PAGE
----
I met my neighbor at the end of the drive to go for a quick 30 minute speed walk. She grew up in a farming family around here and quietly said as soon as we were out of earshot from the kids . . .
“You KNOW they’re not going to sell any of those zucchini, right? They’re too big and there’s so much zucchini coming out of gardens right now, they won’t be able to GIVE them away.”
“Maybe,” I said. “But at least they’re having fun trying.”
Thirty minutes later, my friend and I returned. Anna and Nick were dancing to a tune he was playing on his IPod, blaring through portable speakers. All but two of the zucchini were gone.
“What happened to the zucchini?” I asked.
“We sold ‘em.” they replied, not seeming too excited or too surprised.
“WHAT?” I asked with shocked tone.
“Yeah. Four ladies from Chicago stopped and bought ‘em.”
“And they paid for them?”
“Yep. Fifty cents each.” Again, no surprise.
“How much did you make?”
“Don’t know,” Nick said matter-of-factly. Anna repeated.
And they couldn’t do the math but I figured they made well-over minimum wage for the half-hour they worked (played). Hmmmm.
I got some food for thought that afternoon . . .
God wastes nothing. Even the extra. He can lead a car full of urban ladies to a country farm stand two hours north to buy from the abundance of a family with two kids who have a BIG faith in a BIG God and a willingness to put faith in action. And I worry about how God will provide for our three kids with cognitive challenges once Todd and I are gone? Really?
And here’s the zucchini club on my head, knocking me to my senses . . .
What I just said there about kids with cognitive challenges? What does it matter how cognitively able someone is or isn’t when they are faith-gifted? What does it matter if outsides seem normal, but insides are fear-quaking, those of us who are faith-challenged? Which one is more abled, really? Which one is more able to live life well, really?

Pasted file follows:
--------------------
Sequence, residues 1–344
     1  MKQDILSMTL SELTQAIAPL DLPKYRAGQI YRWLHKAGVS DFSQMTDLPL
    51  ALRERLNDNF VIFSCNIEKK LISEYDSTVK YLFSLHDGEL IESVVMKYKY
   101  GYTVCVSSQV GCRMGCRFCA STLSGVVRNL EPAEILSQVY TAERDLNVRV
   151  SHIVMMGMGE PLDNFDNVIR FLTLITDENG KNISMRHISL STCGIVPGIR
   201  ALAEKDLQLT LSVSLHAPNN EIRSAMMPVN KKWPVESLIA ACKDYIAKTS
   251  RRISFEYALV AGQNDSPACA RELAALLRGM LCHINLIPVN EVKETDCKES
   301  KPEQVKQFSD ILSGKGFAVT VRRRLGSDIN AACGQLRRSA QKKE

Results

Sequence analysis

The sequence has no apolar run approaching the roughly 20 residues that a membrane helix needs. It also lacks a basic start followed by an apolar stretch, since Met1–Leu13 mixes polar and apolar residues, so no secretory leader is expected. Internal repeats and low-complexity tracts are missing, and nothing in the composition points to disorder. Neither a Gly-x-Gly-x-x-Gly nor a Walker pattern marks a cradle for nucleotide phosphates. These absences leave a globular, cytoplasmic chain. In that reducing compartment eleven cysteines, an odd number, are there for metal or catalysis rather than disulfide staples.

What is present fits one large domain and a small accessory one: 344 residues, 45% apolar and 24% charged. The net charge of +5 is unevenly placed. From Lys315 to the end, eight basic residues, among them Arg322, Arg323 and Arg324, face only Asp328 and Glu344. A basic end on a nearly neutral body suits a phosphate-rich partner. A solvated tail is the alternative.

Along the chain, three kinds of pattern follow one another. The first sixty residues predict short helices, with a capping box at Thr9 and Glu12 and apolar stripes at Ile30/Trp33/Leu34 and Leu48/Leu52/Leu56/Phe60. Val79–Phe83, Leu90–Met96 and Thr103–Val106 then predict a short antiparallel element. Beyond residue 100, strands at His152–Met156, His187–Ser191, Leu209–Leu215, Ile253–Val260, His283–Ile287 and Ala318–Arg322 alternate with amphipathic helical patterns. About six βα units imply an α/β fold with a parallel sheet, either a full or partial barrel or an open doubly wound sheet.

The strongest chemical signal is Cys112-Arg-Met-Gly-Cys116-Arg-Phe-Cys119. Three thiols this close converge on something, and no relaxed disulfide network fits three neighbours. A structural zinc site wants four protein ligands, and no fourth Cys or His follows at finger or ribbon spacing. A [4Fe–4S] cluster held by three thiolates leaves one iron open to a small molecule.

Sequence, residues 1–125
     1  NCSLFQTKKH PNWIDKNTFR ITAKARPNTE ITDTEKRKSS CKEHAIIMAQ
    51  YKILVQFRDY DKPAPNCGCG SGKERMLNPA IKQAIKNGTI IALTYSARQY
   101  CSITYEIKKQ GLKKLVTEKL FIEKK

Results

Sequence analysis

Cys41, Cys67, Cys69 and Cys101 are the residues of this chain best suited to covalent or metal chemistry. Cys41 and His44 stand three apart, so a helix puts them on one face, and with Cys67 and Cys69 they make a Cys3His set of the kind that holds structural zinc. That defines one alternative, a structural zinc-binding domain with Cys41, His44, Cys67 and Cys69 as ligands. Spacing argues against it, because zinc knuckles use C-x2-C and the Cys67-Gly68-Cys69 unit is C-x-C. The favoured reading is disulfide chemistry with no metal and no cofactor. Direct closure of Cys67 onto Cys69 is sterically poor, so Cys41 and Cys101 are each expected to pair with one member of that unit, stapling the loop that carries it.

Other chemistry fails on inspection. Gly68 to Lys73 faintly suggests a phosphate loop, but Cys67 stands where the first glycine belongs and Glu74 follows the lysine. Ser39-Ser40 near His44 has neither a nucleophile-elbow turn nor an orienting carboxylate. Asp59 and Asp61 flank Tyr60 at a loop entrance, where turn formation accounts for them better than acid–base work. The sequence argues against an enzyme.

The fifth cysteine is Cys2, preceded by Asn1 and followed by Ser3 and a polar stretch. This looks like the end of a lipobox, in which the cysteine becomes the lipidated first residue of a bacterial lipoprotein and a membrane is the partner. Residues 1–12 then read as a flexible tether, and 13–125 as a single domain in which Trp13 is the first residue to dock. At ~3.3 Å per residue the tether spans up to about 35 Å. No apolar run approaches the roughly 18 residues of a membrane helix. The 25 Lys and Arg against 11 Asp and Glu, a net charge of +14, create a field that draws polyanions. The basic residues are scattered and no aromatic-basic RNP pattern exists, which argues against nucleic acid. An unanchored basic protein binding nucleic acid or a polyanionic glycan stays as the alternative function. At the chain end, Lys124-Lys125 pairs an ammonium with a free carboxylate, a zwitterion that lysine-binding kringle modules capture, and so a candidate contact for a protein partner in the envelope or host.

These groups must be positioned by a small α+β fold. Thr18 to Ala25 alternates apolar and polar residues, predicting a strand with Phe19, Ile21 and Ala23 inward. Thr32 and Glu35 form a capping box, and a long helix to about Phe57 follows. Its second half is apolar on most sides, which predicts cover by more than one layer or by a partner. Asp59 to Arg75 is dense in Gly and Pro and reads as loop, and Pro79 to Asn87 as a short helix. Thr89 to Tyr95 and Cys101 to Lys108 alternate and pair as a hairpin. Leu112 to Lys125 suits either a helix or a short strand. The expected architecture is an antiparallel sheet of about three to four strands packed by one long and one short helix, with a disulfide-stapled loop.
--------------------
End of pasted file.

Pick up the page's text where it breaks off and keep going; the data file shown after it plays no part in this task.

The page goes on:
And once again, I see God’s upside-down economy.
And once again, I see the blessing in raising three kids with cognitive challenges.
We’ve spent our years helping our cognitively challenged kids get through school lessons, readying them for life beyond home. And they’ve spent their years helping their faith-challenged parents get through life lessons, readying us for heaven. And they don’t even know what they’ve done. Just by being who they ARE, just by LIVING their FAITH in a GREAT BIG GOD, they have helped others’ faith grow bigger.
Isn’t God the BEST economist EVER? Isn’t THIS how we’re supposed to spread the wealth?
Oh LORD, our God of corn and hay and soybeans and zucchini and children with cognitive challenges, grow my faith! Keep it growing till it’s big and bold and perfectly ripe for the picking on the day You choose. And while I’m growing in your garden of life, protect me from the nasty little aphids that want to suck dry my vibrancy, my color, my life. Keep me growing strong, able help all you bring by my side here on the farm and all places I go. Cause some to stop and feed on Your goodness so they might move from here and feed others. And help us all know and remember that you are God of all, our great Provider, the one true God in whom we can all rest from worry.